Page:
Tag Archives: free range kids

Free-range kids

A few days ago, the school held a safety class for the children, followed by an information session for parents. At this class, they were given this pamphlet:

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and taught a few moves and tips for being vigilant as they walk to and from school. They were reminded to do things like stay aware, look behind them, and look alert, not daydreamy; keep a certain amount of distance between themselves and the next person; use their very loud safety buzzer (each child keeps one on his or her backpack) in short frequent bursts if they feel someone suspicious is nearby. They did a lot of role playing of various scenarios and were taught how to use all of their senses to empower themselves. Parents were given tips too, all of which were new to me and very, very interesting.
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Here, children begin walking to school by themselves in first grade, which means ages 6-7, usually in little groups of kids walking together. They are also taking public transportation such as trains or buses by themselves. Kids also commute to lessons and to meet friends in the park. They have regular safety classes at school where they learn about traffic safety.  They do this whether they live in the city and have to navigate traffic lights, or in the countryside walking on isolated roads or through rice paddies.

There are parents who don't start quite this young, depending on how far the school is, but after being here for so long I've gotten quite used to the common sight of little ones walking around on their own in their little school hats and backpacks. There's even a well-known children's book called "My First Errand," about a little girl who walks to the neighborhood store to buy a carton of milk for her mother. "I can do it," she tells her mom, "because after all, I'm five!" She has all sorts of little adventures – running into a friend, tripping and losing hold of her coins, getting to the store and finding it hard to speak loudly enough to get the owner's attention, forgetting her change – but she is proud of herself at the end.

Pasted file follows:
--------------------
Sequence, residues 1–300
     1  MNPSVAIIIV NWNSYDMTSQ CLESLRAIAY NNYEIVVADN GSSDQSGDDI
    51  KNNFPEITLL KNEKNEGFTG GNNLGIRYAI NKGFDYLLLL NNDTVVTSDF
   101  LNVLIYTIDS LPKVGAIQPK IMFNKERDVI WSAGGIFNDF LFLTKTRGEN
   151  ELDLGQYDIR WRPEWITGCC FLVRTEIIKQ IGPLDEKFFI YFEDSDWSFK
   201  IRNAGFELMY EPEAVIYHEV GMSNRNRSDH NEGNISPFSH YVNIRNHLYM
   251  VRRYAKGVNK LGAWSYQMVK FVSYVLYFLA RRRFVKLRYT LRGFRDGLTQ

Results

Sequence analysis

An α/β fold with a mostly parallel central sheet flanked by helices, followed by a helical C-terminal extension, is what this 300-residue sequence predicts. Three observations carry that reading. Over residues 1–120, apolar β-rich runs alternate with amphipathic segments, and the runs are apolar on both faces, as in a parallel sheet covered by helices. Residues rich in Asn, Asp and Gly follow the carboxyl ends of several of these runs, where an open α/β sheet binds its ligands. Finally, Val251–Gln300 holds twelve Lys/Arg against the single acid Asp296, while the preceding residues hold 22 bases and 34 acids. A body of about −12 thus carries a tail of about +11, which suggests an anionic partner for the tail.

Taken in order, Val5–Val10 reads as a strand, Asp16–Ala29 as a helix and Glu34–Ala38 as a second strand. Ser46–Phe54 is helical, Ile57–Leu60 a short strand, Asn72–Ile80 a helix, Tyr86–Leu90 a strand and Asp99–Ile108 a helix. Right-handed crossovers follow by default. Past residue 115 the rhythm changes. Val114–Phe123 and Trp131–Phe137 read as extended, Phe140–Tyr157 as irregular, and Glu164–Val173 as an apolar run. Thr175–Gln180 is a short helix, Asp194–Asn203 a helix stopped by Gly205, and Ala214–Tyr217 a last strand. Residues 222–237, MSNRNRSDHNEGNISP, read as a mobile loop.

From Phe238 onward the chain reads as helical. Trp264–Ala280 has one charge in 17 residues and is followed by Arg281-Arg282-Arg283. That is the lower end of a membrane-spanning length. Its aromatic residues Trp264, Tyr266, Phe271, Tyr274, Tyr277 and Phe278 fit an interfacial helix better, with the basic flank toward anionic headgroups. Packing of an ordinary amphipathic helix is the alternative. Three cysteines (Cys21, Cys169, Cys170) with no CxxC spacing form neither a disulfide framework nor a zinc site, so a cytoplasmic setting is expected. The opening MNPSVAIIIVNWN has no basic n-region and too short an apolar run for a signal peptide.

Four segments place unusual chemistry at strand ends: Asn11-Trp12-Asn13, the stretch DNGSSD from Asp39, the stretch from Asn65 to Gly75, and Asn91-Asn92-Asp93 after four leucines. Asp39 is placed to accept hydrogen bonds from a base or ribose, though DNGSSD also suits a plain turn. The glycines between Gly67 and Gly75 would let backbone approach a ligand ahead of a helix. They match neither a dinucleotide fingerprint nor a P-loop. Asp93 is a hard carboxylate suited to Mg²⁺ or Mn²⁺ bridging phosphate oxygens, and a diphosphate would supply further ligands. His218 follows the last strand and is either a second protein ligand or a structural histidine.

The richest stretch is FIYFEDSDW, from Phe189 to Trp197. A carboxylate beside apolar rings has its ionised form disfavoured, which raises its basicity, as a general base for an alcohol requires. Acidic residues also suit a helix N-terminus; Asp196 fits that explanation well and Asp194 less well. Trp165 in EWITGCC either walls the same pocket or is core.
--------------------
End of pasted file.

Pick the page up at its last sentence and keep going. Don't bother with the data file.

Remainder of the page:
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Mission accomplished!

This is one of the things that I feel makes life feel easier for parents here, when kids can go around on their own. Imagine, no carpools, no traffic and stress. No trying to juggle schedules for siblings with different activities (made worse by the fact that schools often don't get out on time and classes end at a different time each day).  Of course, I have seen parents who go to meet their children at school to pick them up, or walk them part way till they get to an intersection with a cross guard. But the overwhelming majority of kids go about on their own. 

It probably takes a certain amount of faith in the universe to say goodbye to little ones in the morning and trust they'll be home later on.  But I think the little kids here doing this every day are becoming savvy about things like traffic and finding their way around, and know what to do about minor problems like getting caught in the rain. I remember when feeling conflicted about this (and in many ways, as a bicultural parent, I still do), talking with a friend from the U.S. about this. She said that when parents are overprotective, they only think about the theoretical dangers they are protecting their children from, and not the sense of adventure, of competence, and the survival instinct that young children who do this are able to develop and hone. A Japanese friend tells me that Japanese returnees – Japanese kids who spent time in the US – are known to have trouble finding their way around when they first come back, because they didn't learn how to develop a sense of direction. 

It's a controversial topic, I know. And I know there are many differences between U.S. and Japanese society that come into play, too many for me to attempt to make any generalizations about the way things should be anywhere. But I see this same sort of letting go in smaller ways too here – in the way that, from a very young age, parents encourage their children to work things out on their own rather than having an adult intervene, hover, advise in their interactions and problems. For better or for worse, these are some salient differences that have really jumped out at me as a parent in two very different countries.

What's it like where you live? At what age do you see children walking around on their own? 

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